Airplane '97

Airplane '97: `At 29,000ft pull the four levers back gently until things quieten down a bit, then get the map out'
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The Independent Travel
If you were paying attention last week, you will have read of the silly New Year air fares. It will take the average British worker under a fortnight to earn pounds 700, enough for a return flight to Australia on Britannia Airways - plus a weekend trip to New York on Virgin Atlantic (a 747, not a balloon).

Before you seize bargains like these, though, you should be aware of some of the pitfalls of modern aviation. Take Rostov-on-Don in southern Russia; a bulletin released by Airports Council International cheerfully relates that "each week is full of surprises". The airport director, Alexander Parshakov, tells of one incident: "Checking an aircraft after passengers had left, we found a hand grenade. Fortunately without the fuse, but otherwise perfectly operational."

God forbid that you should ever find yourself in the sort of in-flight emergency beloved of Hollywood disaster movies, and are required to fly the aircraft. But if it happens, just hope that you are aboard the Bournemouth- based airline Palmair. On page 30 of the in-flight magazine Whispers, you will find instructions for flying the British Aerospace 146, the airline's only plane. An extract: "At a suitable height, say 29,000 feet, pull the four levers back gently until things quieten down a bit, then get the map out to find the way to your destination."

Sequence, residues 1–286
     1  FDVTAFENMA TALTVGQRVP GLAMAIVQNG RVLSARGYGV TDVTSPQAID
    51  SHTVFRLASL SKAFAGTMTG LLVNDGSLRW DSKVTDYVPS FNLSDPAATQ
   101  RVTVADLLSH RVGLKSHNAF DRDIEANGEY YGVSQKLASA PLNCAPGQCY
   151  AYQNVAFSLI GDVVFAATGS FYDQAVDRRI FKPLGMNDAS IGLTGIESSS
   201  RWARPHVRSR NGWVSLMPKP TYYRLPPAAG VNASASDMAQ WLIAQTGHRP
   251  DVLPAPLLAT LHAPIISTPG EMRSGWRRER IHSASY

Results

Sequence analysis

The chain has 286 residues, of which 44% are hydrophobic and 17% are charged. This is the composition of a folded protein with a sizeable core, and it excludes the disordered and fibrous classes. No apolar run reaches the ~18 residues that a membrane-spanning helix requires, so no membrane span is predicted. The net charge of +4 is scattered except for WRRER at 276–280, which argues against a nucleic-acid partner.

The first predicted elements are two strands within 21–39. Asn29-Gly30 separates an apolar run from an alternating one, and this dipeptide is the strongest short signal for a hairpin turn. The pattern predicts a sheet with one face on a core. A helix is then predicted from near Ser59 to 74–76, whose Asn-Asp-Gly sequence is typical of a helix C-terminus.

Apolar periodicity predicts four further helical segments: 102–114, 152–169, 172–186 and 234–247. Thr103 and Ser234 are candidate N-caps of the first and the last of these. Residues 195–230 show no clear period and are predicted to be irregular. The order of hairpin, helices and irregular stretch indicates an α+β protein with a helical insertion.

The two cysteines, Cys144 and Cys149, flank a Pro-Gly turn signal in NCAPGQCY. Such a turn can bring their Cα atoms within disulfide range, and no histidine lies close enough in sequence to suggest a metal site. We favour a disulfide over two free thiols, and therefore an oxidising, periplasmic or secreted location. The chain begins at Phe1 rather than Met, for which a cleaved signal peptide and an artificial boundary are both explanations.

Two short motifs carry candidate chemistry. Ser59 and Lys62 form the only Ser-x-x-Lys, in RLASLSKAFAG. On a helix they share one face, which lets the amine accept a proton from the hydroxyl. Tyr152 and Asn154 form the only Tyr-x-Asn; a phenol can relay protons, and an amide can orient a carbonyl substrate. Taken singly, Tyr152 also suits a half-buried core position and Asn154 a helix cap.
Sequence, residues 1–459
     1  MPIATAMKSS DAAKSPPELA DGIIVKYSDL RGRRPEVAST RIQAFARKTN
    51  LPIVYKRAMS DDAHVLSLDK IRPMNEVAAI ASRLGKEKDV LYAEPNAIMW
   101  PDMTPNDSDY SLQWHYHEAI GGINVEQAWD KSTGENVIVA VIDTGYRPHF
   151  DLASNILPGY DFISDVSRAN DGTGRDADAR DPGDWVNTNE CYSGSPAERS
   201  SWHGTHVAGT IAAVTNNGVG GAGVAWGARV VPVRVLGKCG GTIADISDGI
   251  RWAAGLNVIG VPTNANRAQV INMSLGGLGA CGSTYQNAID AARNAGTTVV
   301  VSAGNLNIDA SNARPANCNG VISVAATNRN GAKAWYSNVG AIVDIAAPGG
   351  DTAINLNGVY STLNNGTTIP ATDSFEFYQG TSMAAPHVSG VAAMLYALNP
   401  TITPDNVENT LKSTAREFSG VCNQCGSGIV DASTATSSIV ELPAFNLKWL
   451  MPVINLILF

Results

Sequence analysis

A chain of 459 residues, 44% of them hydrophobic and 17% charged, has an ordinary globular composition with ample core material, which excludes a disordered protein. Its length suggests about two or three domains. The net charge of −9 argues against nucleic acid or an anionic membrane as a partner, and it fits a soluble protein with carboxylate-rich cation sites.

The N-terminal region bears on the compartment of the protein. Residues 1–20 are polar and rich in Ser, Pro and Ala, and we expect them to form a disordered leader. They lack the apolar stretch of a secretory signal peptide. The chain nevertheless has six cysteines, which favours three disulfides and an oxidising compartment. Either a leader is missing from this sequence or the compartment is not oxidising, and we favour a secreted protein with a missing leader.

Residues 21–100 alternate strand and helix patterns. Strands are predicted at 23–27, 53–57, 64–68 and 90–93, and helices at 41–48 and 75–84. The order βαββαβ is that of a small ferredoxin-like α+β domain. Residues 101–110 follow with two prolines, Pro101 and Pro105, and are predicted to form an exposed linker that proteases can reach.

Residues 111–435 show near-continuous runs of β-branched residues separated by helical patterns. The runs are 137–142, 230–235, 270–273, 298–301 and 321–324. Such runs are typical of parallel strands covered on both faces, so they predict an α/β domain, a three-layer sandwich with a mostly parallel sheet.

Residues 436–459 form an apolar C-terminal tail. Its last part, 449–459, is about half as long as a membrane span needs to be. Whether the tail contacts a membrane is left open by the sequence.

Next Christmas I shall send my wish-list to Continental Airlines rather than Santa. Diane Dunn of Wimbledon writes: "Last August I was booked to travel with Continental from Newark to Gatwick. However, due to overbooking I accepted a $700 voucher to stand down and travel with Virgin to Heathrow a couple of hours later.

"A mix-up at Gatwick resulted in my receiving my baggage many phone calls and two days later. I wrote a letter to the chairman of Continental in the heat of the moment. Time passed and I forgot about it.

"A few days ago I received a letter with a fulsome apology, an affirmation of a commitment to customer care - and a travel voucher for a further $200." These days, that will almost get you to New York and back.

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